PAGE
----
54. Challenges of today’s diplomatic language

20 Feb

Challenges of today’s diplomatic language

1. Diplomacy is an instrument of performance in promoting the foreign policy of the State. It is an activity whose efficacy, since ancient times, has required an intelligent, thorough and timely action on the part of the diplomatic agents.

2. In no way diplomacy could be a simple free exchange of friendly words and procedures. Much more than that, it is essentially the application of intelligence and tact to the conduct of relations among States. Consequently, the diplomat must be an effective negotiator and, according to contemporary requirements, an effective commercial developer, among other functions inherent in his responsibilities.

3. Unlike other communication systems, the network of diplomacy by its nature cannot be neutral in the service of the respective interests, skills and even occasional rivalries. In this context, it is clear that a genuine representative of a State, acting professionally, cannot compromise in any way on the very existence of his nation.

4. In practical terms, effective diplomatic communication involves interpretation of messages and words, and even of the “signs” and gestures. The diplomat has to be able to understand the meaning of the interruption of communication, silence and withdrawal of the other party in a discussion, and even the exaggeration of his compliments.

5. The so-called “professional language of diplomacy” is basically a cautious form of expression that gives the opportunity for the diplomat to remain calm and unruffled when that proceeding is in the interest of his State. This language has proved to be the only tool that allows, through cautious gradations, a properly formulated serious warning to his counterparts without using unnecessary threatening words.

6. An agreed “diplomatic style” of communication is used in oral and written presentations of that character. For centuries, in a gradual process, the exercise professional diplomacy has been creating expressions, idioms and literary terms required to interact properly, not only in the diplomatic task, but also in diverse international settings.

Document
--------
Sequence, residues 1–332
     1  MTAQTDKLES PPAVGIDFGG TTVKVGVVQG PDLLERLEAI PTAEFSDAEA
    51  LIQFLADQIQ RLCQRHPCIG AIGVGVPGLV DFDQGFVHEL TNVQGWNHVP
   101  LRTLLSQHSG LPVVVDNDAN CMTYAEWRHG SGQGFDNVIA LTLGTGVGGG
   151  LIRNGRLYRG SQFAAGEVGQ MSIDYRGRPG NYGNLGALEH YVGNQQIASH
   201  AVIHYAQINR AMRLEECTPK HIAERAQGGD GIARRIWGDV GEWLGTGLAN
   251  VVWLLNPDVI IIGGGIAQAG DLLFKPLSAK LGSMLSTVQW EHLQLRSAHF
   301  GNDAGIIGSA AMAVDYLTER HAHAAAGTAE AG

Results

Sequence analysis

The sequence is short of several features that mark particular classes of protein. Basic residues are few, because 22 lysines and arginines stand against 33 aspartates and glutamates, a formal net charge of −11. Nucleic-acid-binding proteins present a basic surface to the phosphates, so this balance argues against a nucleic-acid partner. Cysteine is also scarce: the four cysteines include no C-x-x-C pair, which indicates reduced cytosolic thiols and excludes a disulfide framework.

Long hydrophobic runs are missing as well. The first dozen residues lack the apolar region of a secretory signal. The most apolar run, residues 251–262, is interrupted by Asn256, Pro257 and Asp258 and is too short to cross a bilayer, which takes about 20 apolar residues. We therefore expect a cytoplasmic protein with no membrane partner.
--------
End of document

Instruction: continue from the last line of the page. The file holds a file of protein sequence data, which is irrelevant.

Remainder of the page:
7. There is always the need for tact in the execution of diplomacy by using a number of conventional phrases in diplomatic communication. Thus, when a president, a foreign minister or head of diplomatic mission informs another that his government “cannot remain indifferent” to certain international controversy, it is clear he means that his government will intervene in that dispute. If his letter or speech uses phrases such as “the government of my country is disturbed,” or “view with grave concern,” then it is obvious that the government he represents intends to take an aggressive stance in that particular case.

8. By cautious gradations, the diplomat can properly make an important caveat in speaking with a representative of another State on very serious security matters. There are even times when he can raise his voice without being impolite and non-conciliatory. If he says, “My government would be inclined to carefully reconsider its position,” this means that friendship is about to break. When he says “the government of my country feels obliged to express reservations with respect to . . .” a particular situation, he actually means that “the government of his country will not allow” that situation to continue.

9. The expression “in that case my government will be forced to consider its own interests” or “to declare itself free of commitments” means that the other side must expect a deterioration in the relationship. If a foreign government is put on notice that a certain action on its part would be considered “as an unfriendly act,” that government must interpret the words as an unspoken threat to action, a fact recognized by the international community. In that sense, when a government says it “is compelled to decline all responsibility for the consequences,” this means it is about to cause an incident that will lead to action of enforcement. And if a government asks, in terms of the most exquisite politeness, for an answer, for example, “before noon on the tenth day,” its communication is then considered an ultimatum.

10. There is no doubt that diplomatic language is correct and successful when used carefully and selectively. If this procedure is neglected, it can aggravate and even generate new levels of “unforeseeable consequences.”

Editor’s Note: Credits to Amb. Manuel Morales Lama


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